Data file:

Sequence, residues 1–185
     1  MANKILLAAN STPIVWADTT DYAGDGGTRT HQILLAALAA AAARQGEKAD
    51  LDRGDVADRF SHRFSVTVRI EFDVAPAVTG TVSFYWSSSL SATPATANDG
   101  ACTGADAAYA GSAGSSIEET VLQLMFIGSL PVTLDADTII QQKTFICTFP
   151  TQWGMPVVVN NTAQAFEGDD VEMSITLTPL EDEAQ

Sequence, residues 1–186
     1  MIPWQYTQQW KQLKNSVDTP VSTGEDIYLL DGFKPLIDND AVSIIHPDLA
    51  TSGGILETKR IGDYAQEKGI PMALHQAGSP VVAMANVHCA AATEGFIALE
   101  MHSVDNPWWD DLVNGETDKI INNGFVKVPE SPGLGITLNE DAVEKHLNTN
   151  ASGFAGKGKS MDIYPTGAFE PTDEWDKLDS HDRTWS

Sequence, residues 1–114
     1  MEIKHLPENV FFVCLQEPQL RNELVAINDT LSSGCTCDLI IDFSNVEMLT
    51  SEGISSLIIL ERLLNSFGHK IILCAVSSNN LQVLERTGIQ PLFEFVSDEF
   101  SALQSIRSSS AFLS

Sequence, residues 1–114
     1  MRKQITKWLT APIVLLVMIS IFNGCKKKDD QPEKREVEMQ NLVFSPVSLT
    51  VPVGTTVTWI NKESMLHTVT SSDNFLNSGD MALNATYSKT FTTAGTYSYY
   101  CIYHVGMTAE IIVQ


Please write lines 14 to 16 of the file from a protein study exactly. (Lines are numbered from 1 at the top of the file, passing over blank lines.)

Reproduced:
   101  SALQSIRSSS AFLS

Sequence, residues 1–114
     1  MRKQITKWLT APIVLLVMIS IFNGCKKKDD QPEKREVEMQ NLVFSPVSLT